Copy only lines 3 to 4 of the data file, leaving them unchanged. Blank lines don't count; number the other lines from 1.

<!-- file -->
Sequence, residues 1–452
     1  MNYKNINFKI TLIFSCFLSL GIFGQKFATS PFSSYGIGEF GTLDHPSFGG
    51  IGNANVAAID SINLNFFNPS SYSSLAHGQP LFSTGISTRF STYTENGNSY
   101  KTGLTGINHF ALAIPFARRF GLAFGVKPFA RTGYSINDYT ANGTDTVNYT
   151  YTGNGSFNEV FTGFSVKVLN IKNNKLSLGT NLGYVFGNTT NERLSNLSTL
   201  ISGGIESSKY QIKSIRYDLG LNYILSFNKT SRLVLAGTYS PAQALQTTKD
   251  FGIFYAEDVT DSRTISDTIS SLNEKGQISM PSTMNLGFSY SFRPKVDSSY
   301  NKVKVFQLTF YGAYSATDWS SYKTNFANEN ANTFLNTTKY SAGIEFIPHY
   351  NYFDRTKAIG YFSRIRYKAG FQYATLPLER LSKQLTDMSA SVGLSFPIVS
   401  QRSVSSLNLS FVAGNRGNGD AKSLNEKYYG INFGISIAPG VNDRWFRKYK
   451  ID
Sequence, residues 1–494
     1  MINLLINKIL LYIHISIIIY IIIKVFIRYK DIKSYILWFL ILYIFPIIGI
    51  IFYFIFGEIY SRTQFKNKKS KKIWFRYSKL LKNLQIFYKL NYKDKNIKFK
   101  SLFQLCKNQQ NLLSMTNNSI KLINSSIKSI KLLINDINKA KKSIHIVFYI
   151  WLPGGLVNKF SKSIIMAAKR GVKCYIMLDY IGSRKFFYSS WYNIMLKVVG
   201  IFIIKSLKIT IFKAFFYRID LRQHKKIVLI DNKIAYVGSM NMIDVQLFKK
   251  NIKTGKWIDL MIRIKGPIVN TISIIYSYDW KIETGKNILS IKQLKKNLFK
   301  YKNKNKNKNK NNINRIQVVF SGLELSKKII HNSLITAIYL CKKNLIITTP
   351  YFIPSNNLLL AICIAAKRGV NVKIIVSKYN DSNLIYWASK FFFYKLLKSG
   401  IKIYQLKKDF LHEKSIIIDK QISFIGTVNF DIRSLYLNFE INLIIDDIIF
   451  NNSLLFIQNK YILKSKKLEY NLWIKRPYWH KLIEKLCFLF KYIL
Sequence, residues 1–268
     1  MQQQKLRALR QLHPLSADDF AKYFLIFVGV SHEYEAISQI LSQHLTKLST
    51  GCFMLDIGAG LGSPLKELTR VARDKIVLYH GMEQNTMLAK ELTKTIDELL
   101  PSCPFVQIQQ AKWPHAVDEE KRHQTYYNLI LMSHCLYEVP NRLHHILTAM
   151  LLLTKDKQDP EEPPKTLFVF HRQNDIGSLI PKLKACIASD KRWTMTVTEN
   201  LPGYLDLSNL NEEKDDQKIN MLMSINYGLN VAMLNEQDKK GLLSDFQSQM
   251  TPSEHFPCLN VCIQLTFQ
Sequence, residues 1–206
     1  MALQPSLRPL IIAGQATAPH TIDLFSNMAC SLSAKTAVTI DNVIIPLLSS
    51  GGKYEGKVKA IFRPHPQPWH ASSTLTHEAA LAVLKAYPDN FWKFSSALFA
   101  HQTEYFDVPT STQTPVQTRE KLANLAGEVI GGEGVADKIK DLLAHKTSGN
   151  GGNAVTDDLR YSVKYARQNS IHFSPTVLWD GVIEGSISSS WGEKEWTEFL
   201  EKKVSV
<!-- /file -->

    51  IGNANVAAID SINLNFFNPS SYSSLAHGQP LFSTGISTRF STYTENGNSY
   101  KTGLTGINHF ALAIPFARRF GLAFGVKPFA RTGYSINDYT ANGTDTVNYT